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This eBook from the Gutenberg Project consists of approximately 560 pages of information about Dawn.

“Well, sir, you know where the old wall runs out into the water, before Caresfoot’s Staff there?  Well, at the end of it there’s a post sunk in, with a ring in it to tie boats to.  Now, would you believe it? out there at the end of the wall, and tied to the ring by a scarf passed round her middle, was that dreadful child.  She was standing there, her back against the post, right in the teeth of the gale, with the spray dashing over her, her arms stretched out before her, her hat gone, her long hair standing out behind straight as an iron bar, and her eyes flashing as though they were on fire, and all the while there were the great trees crashing down all round in a way enough to make a body sick with fright.  We got her back safe, thank God; but how long we shall keep her, I’m sure I don’t know.  Now she is drowning herself in the lake, for she takes to the water like a duck, and now breaking her neck off trees, and now going to ghosts in the churchyard for company.  It’s wearing me to the bone—­that’s what it is.”

Mr. Fraser smiled, for, to tell the truth, Pigott’s bones were pretty comfortably covered.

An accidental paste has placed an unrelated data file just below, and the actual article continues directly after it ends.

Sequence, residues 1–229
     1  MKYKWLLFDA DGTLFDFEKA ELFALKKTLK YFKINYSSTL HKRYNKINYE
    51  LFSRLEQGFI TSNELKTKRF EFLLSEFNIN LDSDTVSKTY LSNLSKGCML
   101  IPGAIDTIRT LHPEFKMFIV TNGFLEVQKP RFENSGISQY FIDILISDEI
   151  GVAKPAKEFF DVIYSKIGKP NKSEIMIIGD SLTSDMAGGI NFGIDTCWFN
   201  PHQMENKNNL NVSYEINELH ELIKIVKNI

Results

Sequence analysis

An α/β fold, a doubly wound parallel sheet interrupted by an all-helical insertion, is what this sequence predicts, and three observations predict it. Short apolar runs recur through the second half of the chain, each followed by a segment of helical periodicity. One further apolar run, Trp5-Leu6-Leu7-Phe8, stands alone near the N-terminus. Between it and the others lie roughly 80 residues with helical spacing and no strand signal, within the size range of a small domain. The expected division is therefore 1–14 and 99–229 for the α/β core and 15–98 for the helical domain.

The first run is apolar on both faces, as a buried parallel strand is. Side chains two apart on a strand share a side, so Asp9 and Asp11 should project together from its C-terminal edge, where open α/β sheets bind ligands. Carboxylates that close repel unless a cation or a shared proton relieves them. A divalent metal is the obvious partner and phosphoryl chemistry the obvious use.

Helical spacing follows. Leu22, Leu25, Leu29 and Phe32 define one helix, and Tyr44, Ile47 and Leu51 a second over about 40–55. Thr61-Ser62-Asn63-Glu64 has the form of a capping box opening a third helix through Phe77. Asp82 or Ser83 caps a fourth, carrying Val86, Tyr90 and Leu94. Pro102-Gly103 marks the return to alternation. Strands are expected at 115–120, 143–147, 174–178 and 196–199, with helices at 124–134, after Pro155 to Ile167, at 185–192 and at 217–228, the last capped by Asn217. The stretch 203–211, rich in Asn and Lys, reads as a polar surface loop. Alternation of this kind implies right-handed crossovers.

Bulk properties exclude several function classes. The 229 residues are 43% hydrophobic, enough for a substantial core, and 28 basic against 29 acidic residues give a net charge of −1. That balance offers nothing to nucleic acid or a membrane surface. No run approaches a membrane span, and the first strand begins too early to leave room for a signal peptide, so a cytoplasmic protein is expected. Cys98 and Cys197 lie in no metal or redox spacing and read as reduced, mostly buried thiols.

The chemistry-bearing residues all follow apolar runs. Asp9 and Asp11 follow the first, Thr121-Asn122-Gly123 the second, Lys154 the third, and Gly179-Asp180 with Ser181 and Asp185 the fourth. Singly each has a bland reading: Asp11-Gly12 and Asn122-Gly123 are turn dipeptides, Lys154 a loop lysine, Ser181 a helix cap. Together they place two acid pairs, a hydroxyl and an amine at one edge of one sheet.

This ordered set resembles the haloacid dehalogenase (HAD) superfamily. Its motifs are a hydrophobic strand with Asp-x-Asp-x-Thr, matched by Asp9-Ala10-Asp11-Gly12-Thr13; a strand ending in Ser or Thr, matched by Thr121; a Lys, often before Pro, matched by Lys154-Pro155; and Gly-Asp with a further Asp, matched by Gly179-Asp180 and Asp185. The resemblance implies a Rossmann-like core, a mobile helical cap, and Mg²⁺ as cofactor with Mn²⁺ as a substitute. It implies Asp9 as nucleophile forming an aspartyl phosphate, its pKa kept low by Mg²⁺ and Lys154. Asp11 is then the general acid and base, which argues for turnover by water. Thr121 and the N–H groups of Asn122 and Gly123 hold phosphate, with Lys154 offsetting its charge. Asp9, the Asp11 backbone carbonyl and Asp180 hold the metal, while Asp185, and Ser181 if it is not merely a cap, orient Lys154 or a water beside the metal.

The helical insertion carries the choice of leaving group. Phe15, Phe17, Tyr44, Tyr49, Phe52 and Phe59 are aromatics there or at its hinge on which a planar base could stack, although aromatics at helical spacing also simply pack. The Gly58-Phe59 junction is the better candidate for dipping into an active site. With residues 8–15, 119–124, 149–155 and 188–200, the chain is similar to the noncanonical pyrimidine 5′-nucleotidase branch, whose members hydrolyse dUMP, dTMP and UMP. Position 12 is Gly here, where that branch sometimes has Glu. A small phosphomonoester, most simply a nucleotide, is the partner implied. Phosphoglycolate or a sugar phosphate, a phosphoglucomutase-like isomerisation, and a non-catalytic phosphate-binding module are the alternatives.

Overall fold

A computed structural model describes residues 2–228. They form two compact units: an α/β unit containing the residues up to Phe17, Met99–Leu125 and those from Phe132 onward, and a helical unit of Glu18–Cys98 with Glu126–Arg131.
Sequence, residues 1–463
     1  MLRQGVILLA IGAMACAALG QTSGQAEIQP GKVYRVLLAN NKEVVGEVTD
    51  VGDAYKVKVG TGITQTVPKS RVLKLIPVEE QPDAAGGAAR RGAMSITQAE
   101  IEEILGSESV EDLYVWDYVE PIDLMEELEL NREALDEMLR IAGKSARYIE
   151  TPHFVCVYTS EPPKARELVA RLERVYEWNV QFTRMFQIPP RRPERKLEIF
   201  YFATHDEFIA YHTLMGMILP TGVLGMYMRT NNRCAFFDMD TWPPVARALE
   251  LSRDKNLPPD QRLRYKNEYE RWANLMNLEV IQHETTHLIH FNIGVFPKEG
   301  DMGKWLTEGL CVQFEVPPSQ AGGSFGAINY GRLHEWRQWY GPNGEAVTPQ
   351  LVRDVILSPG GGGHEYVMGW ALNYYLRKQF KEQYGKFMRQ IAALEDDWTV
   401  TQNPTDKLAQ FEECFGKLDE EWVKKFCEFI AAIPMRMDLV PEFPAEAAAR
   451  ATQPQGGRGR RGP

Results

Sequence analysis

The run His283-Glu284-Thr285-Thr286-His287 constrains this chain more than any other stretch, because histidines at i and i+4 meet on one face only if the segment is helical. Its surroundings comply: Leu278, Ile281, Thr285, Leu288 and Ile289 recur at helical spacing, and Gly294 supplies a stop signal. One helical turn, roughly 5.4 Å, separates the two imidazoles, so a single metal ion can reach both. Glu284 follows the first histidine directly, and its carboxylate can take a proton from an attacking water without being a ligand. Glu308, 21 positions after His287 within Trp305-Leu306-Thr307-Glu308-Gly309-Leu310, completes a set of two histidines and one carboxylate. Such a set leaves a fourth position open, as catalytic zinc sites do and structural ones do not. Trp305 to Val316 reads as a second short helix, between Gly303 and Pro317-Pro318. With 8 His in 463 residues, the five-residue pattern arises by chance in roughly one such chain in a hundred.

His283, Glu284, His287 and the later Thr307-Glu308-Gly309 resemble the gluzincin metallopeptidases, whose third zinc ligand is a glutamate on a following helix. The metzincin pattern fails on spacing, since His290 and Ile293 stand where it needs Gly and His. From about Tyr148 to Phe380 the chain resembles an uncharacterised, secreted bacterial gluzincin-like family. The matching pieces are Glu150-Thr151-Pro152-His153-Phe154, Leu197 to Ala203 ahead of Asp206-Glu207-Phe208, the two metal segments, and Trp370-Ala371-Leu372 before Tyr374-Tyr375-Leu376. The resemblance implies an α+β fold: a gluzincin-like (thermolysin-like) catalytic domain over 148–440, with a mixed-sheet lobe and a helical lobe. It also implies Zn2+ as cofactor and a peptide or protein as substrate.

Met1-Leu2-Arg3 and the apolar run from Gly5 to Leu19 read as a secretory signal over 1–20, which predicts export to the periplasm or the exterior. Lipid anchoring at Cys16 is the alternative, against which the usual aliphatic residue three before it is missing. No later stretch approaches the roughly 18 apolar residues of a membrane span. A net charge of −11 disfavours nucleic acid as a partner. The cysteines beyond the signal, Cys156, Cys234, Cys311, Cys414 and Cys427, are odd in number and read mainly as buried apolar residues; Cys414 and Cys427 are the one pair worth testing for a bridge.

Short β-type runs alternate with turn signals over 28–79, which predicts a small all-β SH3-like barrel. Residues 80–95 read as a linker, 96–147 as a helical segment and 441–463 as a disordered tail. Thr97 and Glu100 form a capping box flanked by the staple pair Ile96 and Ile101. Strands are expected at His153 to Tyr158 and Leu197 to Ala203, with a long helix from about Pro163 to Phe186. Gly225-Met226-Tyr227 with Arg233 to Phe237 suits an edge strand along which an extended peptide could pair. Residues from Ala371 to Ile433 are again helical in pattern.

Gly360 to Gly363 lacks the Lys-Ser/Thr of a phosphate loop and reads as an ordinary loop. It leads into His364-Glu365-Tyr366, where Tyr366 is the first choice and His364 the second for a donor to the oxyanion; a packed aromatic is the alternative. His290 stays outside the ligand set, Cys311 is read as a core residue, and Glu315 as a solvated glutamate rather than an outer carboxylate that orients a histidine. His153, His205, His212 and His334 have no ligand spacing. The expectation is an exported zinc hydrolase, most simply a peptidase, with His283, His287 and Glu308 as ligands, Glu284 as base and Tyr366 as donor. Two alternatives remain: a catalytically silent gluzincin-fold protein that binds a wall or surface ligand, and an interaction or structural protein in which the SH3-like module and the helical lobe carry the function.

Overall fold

“Come,” he said, “you would not part with her for all her wicked deeds, would you?”

“Part with her,” answered Pigott, in hot indignation, “part with my little beauty?  I would rather part with my head.  The love, there never was another like her, nor never will be, with her sweet ways; and, if I know anything about girls, she’ll be the beauty of England, she will.  She’s made for a beautiful woman; and look at them eyes and forehead and hair—­where did you ever see the like?  And, as for her queer ways, what can you expect from a child as has got a great empty mind and nothing to put in it, and no one to talk to but a common woman like me, and a father”—­here she dropped her voice—­“as is a miser, and hates the sight of his own flesh and blood?”

“Hush! you should not say such things, Pigott!  Now I will tell you something; I am going on to ask your master to allow me to educate Angela.”

“I’m right glad to hear it, sir.  She’s sharp enough to learn anything, and it’s kind of you to teach her.  If you can make her mind like what her body will be if she lives, somebody will be a lucky man one of these days.  Good-night, sir, and many thanks for bringing missy home.”

Next day Angela began her education.

CHAPTER XVI

Reader, we are about to see Angela again, and to see a good deal of her; but you must be prepared for a change in her personal appearance, for the curtain has been down for ten years since last you met the child whose odd propensities excited Pigott’s wonder and indignation and Mr. Fraser’s interest; and ten years, as we all know, can work many changes in the history of the world and individuals.  In ten years some have been swept clean off the board, and their places taken by others; a few have grown richer, many poorer, some of us sadder, some wiser, and all of us ten years older.  Now, this was exactly what had happened to little Angela—­that is, the Angela we knew as little, and ten years make curious differences between the slim child of nine and a half and the woman of nearly twenty.

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